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file:///E|/toc/Mankiw%20-%20Principles%20of%20Economics%203e%20-%20TOC.txt

Part One:
Introduction
1. Ten Principles of Economics
2. Thinking Like an Economist Appendix: Graphing: A Brief Review
3. Interdependence and the Gains from Trade
Part Two: Supply and Demand I: How Markets Work
4. The Market Forces of Supply and Demand
5. Elasticity and Its Application
6. Supply, Demand, andGovernment Policies
Part Three: Supply and Demand II: Markets and Welfare
7. Consumers, Producers, and the Efficiency of Markets
8. Application: The Costs of Taxation
9. Application: International Trade
Part Four: The Economics of Public Sector
10. Externalities
11. Public Goods and Common Resources
12. The Design of the Tax System
Part Five: Firm Behavior and the Organization of Industry13. The Costs of Production
14. Firms in Competitive Markets
15. Monopoly
16. Oligopoly
17. Monopolistic Competition
Part Six: The Economics of Labor Markets
18. The Markets for the Factors of Production
19. Earnings and Discrimination
20. Income Inequality and Poverty
Part Seven: Topics for Further Study
21. The Theory of Consumer Choice
Part Eight: The Data of Macroeconomics
22.Measuring a Nation''s Income
23. Measuring the Cost of Living
Part Nine: The Real Economy in the Long Run
24. Production and Growth
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file:///E|/toc/Mankiw%20-%20Principles%20of%20Economics%203e%20-%20TOC.txt

25. Saving, Investment, and the Financial System
26. Unemployment and Its NaturalRate
Part Ten: Money and Prices in the Long Run
27. The Monetary System
28. Money Growth and Inflation
Part Eleven: The Macroeconomics of Open Economies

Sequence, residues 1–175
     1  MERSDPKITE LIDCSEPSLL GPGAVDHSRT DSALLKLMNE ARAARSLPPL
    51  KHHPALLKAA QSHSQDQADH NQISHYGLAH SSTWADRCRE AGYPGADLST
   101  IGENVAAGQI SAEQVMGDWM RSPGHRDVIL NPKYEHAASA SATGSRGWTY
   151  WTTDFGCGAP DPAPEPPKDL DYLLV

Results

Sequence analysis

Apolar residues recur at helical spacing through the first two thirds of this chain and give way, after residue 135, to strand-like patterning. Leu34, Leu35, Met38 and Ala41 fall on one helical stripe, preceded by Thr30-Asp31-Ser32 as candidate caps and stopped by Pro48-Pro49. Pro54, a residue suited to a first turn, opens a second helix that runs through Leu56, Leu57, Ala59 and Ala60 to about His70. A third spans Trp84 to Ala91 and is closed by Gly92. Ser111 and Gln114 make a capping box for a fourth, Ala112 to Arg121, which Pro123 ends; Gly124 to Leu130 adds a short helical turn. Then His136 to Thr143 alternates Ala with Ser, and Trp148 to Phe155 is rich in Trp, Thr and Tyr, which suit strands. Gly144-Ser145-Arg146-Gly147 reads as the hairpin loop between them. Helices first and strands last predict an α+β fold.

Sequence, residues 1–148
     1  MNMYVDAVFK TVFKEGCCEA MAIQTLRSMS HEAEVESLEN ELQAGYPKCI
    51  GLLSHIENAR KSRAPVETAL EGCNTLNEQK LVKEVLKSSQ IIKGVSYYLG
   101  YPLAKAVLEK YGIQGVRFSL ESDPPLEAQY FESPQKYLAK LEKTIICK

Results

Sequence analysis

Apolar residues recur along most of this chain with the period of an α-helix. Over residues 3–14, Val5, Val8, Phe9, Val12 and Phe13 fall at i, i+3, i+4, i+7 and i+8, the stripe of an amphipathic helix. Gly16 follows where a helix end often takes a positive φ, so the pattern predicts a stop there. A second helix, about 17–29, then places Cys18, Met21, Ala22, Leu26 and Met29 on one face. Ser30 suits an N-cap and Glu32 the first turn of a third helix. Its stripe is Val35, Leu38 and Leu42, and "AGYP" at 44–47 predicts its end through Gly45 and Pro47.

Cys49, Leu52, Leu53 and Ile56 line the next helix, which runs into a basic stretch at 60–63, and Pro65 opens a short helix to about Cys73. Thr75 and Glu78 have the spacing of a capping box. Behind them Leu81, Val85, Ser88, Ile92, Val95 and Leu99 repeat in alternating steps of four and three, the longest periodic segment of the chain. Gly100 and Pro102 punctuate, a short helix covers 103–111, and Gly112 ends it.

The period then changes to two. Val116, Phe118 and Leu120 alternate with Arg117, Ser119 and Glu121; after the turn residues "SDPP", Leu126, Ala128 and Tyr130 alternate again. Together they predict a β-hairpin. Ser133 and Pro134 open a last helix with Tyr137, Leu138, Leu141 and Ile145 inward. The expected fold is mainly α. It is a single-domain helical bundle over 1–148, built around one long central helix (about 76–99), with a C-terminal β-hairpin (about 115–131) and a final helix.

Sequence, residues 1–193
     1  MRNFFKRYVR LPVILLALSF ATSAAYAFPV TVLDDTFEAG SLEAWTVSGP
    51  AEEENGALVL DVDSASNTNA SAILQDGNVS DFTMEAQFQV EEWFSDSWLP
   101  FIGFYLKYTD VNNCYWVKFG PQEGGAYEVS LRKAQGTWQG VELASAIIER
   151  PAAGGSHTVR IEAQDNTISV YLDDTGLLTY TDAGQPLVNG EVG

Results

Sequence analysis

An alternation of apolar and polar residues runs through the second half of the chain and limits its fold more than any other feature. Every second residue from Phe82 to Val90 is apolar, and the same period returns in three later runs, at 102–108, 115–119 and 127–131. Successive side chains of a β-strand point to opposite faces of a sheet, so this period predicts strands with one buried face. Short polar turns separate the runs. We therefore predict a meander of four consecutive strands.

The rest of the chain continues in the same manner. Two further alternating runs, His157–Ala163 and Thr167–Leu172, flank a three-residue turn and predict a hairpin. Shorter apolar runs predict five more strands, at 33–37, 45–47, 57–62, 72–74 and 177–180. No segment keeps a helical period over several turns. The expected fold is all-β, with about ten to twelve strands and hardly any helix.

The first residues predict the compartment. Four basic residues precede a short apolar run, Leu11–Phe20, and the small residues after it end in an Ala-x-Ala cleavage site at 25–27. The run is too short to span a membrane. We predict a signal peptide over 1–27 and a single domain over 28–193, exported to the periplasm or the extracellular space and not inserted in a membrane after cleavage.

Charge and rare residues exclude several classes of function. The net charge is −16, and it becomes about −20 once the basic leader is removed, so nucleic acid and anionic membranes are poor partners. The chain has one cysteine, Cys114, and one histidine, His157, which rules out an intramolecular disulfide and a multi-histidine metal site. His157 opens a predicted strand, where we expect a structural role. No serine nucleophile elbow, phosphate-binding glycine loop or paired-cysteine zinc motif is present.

29. Open-Economy Macroeconomics: Basic Concepts
30. A Macroeconomic Theory of the Open Economy
Part Twelve: Short-Run Economic Fluctuations
31. Aggregate Demand and Aggregate Supply
32. The Influence of Monetary and Fiscal Policy onAggregate Demand
33. The Short-Run Tradeoff between Inflation and Unemployment
Part Thirteen: Final Thoughts
34. Five Debates over Macroeconomic Policy

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IN THIS CHAPTER
YOU WILL . . .

Learn that
economics is about
the allocation of
scarce resources

Examine some of the
tradeof fsthat people
face

Learn the meaning of
oppor tunity cost

See how to use
marginal reasoning
when making
decisions

TEN
OF

PRINCIPLES

Discuss how
incentives af fect
people’s behavior

ECONOMICS

The word economy comes from the Greek word for “one who manages a household.” At first, this origin might seem peculiar. But, in fact, households and
economies have much in common.A household faces many decisions. It must decide which members of the
household do which tasks and what each member gets in return: Who cooks dinner? Who does the laundry? Who gets the extra dessert at dinner? Who gets to
choose what TV show to watch? In short, the household must allocate its scarce resources among its various members, taking into account each member’s abilities,
efforts, anddesires.
Like a household, a society faces many decisions. A society must decide what
jobs will be done and who will do them. It needs some people to grow food, other
people to make clothing, and still others to design computer software. Once society has allocated people (as well as land, buildings, and machines) to various jobs,
3

Consider why trade
among people or
nations can be goodfor everyone

Discuss why markets
are a good, but not
per fect, way to
allocate resources

Learn what
determines some
trends in the overall
economy

4

PA R T O N E

INTRODUCTION

scarcity
the limited nature of society’s
resources
economics
the study of how society manages its
scarce resources

it must also allocate the output of goods and services that they produce. It...
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